Q. In the Jan. 15, 2015, issue, “Arizona Hot Picks,” it is said that the Olds featured “is a near-perfect 996-point car.” What is the 996 referenced to? I’m guessing a classic car rating system, but would like clarification. Also, how does one become qualified to be a car show judge?
— Clark Mefford, Ottumwa, Iowa
A. Yes, it’s a score earned in show judging, obviously a 1,000-point system. The Antique Automobile Club of America uses 400-point scoring. The Classic Car Club of America and many other clubs adhere to 100 points for perfection. Among the clubs using a 1,000-point scale are the Veteran Motor Car Club of America and the Early Ford V8 Club, but I think this refers to the Oldsmobile Club of America, which also scores up to 1,000 points.
As for qualifying to judge, it depends on the sponsoring organization. AACA has a judging school, from which one can graduate as an apprentice judge to work with a team of experienced judges before earning additional certifications. CCCA has training courses, after which one becomes a Judge-in-Training, again working with experienced teams. Your opportunities to judge will depend on your location, the clubs you belong to and your familiarity with makes and models of the cars you wish to judge.
Q. Regarding the rare Badger car frame found in Tucumcari, N.M. (Nov. 13), it was common in the 1930s for people to strip down large old cars from the teens and ’20s in order to make farm wagons. My father used to tell stories of taking the train into Chicago from the farm in southwest Michigan with his brother and purchasing large, old cars for their scrap value. They would get at least one that ran and tow the other back home, stopping frequently for gas and, especially, oil. The bodies were then removed and trashed (ouch!), the drive trains became stationary power plants for cutting firewood, pumping water, etc., and the frames became wagons for hauling wheat, corn and whatever. It’s possible that the frame in New Mexico was a wagon and became part of the westward migration during the Dust Bowl/Great Depression era. It could have been loaded with personal belongings and have been slowly towed across country. For some reason, breakdown maybe, it stayed in Tucumcari. Tucumcari is on old Route 66, a very popular road for migrants, and remembered by its billboards: “Tucumcari Tonight! 2000 Rooms!”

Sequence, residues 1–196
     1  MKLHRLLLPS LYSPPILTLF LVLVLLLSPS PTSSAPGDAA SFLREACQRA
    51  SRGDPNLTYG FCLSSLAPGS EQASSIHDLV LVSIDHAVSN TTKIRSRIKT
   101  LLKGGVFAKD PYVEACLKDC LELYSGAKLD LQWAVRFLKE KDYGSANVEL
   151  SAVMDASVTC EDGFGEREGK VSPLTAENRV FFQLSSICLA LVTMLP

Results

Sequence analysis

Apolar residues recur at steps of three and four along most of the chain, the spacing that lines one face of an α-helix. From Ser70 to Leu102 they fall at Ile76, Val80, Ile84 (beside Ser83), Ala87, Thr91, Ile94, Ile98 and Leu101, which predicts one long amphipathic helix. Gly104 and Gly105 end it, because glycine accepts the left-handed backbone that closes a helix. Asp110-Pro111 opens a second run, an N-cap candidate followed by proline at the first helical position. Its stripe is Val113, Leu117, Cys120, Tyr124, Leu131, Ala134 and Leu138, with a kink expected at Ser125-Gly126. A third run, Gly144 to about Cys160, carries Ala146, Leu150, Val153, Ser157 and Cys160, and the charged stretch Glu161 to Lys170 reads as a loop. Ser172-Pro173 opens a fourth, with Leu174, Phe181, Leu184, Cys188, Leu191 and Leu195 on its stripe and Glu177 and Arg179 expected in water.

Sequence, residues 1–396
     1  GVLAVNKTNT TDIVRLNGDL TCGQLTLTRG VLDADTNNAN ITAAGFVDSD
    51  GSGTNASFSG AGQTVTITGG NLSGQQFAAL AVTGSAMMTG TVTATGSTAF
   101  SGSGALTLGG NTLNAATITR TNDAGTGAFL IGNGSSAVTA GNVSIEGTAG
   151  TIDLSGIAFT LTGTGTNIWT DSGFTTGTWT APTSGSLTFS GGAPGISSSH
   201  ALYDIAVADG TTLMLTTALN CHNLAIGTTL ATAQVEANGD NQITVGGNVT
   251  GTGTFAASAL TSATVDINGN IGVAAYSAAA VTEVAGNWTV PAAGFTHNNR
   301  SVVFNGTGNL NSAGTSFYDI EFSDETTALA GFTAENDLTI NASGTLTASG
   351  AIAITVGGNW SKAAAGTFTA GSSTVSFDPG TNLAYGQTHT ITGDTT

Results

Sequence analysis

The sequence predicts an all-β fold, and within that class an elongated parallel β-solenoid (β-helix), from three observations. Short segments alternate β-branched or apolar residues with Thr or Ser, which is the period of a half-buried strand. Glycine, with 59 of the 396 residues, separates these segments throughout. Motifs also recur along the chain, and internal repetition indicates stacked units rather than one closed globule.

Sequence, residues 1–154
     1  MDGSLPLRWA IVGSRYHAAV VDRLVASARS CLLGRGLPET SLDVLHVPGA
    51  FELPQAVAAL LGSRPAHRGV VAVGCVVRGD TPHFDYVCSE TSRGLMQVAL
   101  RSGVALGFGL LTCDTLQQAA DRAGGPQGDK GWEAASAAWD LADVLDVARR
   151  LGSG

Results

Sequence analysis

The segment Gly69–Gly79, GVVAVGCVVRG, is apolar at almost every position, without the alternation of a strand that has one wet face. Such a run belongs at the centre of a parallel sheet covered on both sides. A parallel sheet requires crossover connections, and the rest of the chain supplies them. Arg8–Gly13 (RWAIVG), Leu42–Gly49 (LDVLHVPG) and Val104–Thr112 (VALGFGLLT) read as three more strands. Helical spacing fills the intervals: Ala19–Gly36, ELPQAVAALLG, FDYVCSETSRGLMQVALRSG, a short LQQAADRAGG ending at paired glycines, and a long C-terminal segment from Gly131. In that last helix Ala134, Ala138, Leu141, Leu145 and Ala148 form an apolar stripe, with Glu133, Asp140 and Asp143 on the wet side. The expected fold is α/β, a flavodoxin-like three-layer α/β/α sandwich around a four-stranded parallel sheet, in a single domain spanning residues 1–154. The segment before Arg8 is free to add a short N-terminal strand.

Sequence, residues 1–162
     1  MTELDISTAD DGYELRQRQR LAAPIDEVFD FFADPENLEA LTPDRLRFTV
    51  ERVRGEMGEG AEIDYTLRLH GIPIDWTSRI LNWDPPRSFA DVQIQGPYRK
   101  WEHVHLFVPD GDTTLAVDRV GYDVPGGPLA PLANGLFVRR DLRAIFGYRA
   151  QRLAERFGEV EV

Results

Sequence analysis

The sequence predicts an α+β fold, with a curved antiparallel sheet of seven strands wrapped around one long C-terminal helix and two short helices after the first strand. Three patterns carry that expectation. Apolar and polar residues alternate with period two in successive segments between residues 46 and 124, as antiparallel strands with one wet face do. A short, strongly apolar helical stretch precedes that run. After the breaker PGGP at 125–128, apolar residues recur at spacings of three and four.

— Bruce Thomas, Rapid City, S.D.
A. That’s certainly a possibility. Even today one can see wagons and trailers made from some kind of automobile or truck chassis. A familiar sight is the utility trailer made by cutting off the rear half of a pickup and folding the side rails inward to make a tongue. All you need to do is weld on a hitch and put a connector on the stop-taillight wires. There’s probably even a bracket for the license plate. A straight-rail truck frame makes a dandy four-wheel wagon, with Ackermann steering, even. All you have to do is hinge a tongue to the solid front axle and attach it to the tie rod.
Q. In regard to Philip Wolfe’s concern about 455 engines in 1968 and 1969 Cutlass Olds models (Dec. 18), I have had both years with the 455 engines. The first one was a 1968 Cutlass S coupe with an automatic transmission. This car came from central Florida and was a one-owner car that was ordered with this engine. I bought this car from the widow as her son was a friend of mine. The car had a single exhaust system with a bench vinyl seat/interior and steering column shifter with just standard dash gauges. The 1969 was also basically the same coupe only with a console automatic shifter. I wish I had never sold these cars as I knew they were special and both were low mileage.
— Scott Peterson, Duluth, Minn.
A. Thanks, Scott. While not widely promoted in Cutlasses, this seems to indicate the 455 could be ordered. The otherwise ordinary specification of the 1968 car certainly shows the original owner knew exactly what he wanted.
Q. In the Dec. 4 issue Paul Tigge had a question about welding sheet metal. As an electrician who welds a lot on the job, I minimize warping and blow-throughs by putting a piece of quarter-inch copper behind the weld to carry off the heat. I carry several sizes of copper on the job, and it works for me. Get ahold of a construction electrician for some copper plate.
— Mike Hudak, Monaca, Pa.
A. Thanks. I wonder, though, how well that works on curved surfaces, like Mr. Tigge’s door skins. Quarter-inch copper can’t be easily conformed to door contours, and he says he’s tried Eastwood’s copper heat sinks. In my limited experience, soldering and welding is as much technique as science. If it were me, I’d try to find someone in the auto body field to whom I could “apprentice” myself, or perhaps take a course in sheet metal welding.
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